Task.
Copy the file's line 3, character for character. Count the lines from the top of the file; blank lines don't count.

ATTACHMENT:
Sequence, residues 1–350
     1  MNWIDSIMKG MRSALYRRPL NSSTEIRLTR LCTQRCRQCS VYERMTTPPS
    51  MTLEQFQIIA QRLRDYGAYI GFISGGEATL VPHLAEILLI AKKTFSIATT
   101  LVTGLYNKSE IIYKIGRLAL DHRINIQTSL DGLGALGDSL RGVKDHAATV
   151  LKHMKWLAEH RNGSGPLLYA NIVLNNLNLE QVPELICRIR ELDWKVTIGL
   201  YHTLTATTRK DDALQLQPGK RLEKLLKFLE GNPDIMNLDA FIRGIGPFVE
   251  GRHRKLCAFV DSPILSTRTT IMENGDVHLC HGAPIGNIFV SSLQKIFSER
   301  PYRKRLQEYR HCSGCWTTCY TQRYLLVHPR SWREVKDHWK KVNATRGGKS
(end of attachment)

    51  MTLEQFQIIA QRLRDYGAYI GFISGGEATL VPHLAEILLI AKKTFSIATT